• Vol. 27 No. 5, 722–724
  • 15 September 1998

Invasive Cancer after Treatment of Cervical Intraepithelial Neoplasia



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This review discusses the risk of invasive cancer following treatment for cervical intraepithelial neoplasia (CIN). The emphasis is on methods in current use and the risks are calculated with life table methods.

Large, long-term follow up studies which use life table analysis show clearly that invasive recurrences continue to appear at a relatively steady rate for at least 8 years after treatment for CIN. The risk remains 4 to 5 times greater than in the background population throughout this period. It would seem prudent to continue to offer these women increased surveillance with annual smears during this time of increased risk.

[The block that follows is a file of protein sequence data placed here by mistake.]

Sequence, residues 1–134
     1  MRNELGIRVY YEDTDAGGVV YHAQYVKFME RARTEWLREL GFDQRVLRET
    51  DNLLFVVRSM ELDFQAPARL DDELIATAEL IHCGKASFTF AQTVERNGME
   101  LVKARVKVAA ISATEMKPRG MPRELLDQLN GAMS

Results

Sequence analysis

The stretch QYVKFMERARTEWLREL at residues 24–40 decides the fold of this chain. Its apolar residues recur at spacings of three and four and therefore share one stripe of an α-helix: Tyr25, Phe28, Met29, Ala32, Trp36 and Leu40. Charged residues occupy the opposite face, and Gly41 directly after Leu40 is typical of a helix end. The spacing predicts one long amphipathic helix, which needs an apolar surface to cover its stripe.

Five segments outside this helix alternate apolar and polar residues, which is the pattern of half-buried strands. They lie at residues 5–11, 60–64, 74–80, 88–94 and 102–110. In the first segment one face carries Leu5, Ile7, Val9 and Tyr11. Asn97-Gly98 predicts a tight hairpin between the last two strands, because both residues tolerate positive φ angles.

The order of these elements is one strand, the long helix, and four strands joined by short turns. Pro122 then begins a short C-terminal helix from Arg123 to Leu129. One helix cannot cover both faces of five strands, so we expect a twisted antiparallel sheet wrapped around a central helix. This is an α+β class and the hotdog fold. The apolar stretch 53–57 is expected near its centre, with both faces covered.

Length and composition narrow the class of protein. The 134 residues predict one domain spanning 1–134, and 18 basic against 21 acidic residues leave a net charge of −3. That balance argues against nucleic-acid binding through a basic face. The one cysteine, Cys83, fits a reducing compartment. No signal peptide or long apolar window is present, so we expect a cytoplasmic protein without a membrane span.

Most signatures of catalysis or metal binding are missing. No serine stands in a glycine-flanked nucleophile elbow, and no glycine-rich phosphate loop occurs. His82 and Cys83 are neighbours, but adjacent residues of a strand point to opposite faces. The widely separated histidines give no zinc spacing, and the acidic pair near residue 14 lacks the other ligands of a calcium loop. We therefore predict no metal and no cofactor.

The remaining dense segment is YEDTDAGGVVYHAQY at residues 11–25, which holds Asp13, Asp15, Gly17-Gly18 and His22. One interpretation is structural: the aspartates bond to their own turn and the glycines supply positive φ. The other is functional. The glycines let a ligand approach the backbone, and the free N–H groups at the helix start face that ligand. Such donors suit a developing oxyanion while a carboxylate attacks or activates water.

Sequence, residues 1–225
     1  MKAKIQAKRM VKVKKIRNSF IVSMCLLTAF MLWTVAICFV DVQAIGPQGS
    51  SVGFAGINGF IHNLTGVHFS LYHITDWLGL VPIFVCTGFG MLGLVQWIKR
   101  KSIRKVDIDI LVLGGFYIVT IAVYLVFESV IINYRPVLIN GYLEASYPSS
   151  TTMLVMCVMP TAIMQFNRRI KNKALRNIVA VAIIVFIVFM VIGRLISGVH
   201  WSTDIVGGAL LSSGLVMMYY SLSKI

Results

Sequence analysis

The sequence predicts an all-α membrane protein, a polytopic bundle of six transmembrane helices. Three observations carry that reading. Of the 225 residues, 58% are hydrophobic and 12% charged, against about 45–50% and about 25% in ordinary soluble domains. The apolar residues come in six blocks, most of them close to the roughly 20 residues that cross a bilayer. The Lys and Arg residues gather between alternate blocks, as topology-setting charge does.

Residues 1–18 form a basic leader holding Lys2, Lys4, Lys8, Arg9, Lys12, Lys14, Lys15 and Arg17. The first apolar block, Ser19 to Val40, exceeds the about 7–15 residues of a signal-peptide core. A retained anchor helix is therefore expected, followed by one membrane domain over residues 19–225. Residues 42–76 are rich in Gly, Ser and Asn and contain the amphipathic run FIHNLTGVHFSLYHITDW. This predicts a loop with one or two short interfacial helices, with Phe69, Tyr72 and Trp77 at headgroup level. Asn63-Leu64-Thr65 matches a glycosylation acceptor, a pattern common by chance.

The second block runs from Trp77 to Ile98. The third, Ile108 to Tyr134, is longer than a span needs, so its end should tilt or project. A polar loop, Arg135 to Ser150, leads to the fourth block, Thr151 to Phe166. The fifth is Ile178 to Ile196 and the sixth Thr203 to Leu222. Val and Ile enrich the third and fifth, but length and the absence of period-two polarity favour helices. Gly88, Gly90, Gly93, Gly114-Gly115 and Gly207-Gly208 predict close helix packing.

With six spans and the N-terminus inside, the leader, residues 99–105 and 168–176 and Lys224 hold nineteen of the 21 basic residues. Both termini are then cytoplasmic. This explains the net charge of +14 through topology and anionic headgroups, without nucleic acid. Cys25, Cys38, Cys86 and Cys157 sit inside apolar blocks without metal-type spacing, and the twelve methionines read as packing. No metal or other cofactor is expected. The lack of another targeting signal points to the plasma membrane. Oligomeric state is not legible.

All modern methods of outpatient treatment are highly effective in preventing invasive cancer of the cervix if they are used skilfully with an understanding of the disease being treated. The thoughtless use of beguilingly easy methods will lead only to disaster.

The objective of a cervical screening programme is to prevent invasive cancer of the cervix by detecting and treating pre-invasive disease of the cervix. The impact of the programme depends both on the detection of women with cervical intraepithelial neoplasia (CIN) and upon their being treated effectively.

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